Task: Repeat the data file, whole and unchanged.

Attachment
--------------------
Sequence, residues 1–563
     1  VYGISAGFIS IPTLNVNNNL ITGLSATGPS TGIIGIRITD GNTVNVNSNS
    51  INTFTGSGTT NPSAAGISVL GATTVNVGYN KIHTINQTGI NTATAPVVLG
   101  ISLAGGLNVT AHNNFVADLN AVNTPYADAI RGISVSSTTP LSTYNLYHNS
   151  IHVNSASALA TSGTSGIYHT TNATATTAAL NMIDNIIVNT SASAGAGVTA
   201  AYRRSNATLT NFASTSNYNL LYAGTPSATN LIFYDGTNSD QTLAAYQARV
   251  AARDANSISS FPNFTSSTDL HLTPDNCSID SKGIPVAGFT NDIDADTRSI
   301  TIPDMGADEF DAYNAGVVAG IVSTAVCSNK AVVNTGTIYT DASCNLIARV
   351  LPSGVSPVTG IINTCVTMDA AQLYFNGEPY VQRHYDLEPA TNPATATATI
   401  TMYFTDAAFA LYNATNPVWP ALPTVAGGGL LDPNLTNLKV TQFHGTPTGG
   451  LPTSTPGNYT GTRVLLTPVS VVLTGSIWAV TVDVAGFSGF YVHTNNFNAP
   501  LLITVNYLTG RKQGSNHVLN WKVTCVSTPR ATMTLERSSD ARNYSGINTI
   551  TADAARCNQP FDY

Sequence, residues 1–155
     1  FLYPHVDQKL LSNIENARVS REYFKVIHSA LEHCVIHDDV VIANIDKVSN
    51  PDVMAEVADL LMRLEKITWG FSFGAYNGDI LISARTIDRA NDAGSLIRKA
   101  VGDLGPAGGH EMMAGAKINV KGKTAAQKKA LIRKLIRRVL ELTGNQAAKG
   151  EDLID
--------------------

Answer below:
Sequence, residues 1–563
     1  VYGISAGFIS IPTLNVNNNL ITGLSATGPS TGIIGIRITD GNTVNVNSNS
    51  INTFTGSGTT NPSAAGISVL GATTVNVGYN KIHTINQTGI NTATAPVVLG
   101  ISLAGGLNVT AHNNFVADLN AVNTPYADAI RGISVSSTTP LSTYNLYHNS
   151  IHVNSASALA TSGTSGIYHT TNATATTAAL NMIDNIIVNT SASAGAGVTA
   201  AYRRSNATLT NFASTSNYNL LYAGTPSATN LIFYDGTNSD QTLAAYQARV
   251  AARDANSISS FPNFTSSTDL HLTPDNCSID SKGIPVAGFT NDIDADTRSI
   301  TIPDMGADEF DAYNAGVVAG IVSTAVCSNK AVVNTGTIYT DASCNLIARV
   351  LPSGVSPVTG IINTCVTMDA AQLYFNGEPY VQRHYDLEPA TNPATATATI
   401  TMYFTDAAFA LYNATNPVWP ALPTVAGGGL LDPNLTNLKV TQFHGTPTGG
   451  LPTSTPGNYT GTRVLLTPVS VVLTGSIWAV TVDVAGFSGF YVHTNNFNAP
   501  LLITVNYLTG RKQGSNHVLN WKVTCVSTPR ATMTLERSSD ARNYSGINTI
   551  TADAARCNQP FDY

Sequence, residues 1–155
     1  FLYPHVDQKL LSNIENARVS REYFKVIHSA LEHCVIHDDV VIANIDKVSN
    51  PDVMAEVADL LMRLEKITWG FSFGAYNGDI LISARTIDRA NDAGSLIRKA
   101  VGDLGPAGGH EMMAGAKINV KGKTAAQKKA LIRKLIRRVL ELTGNQAAKG
   151  EDLID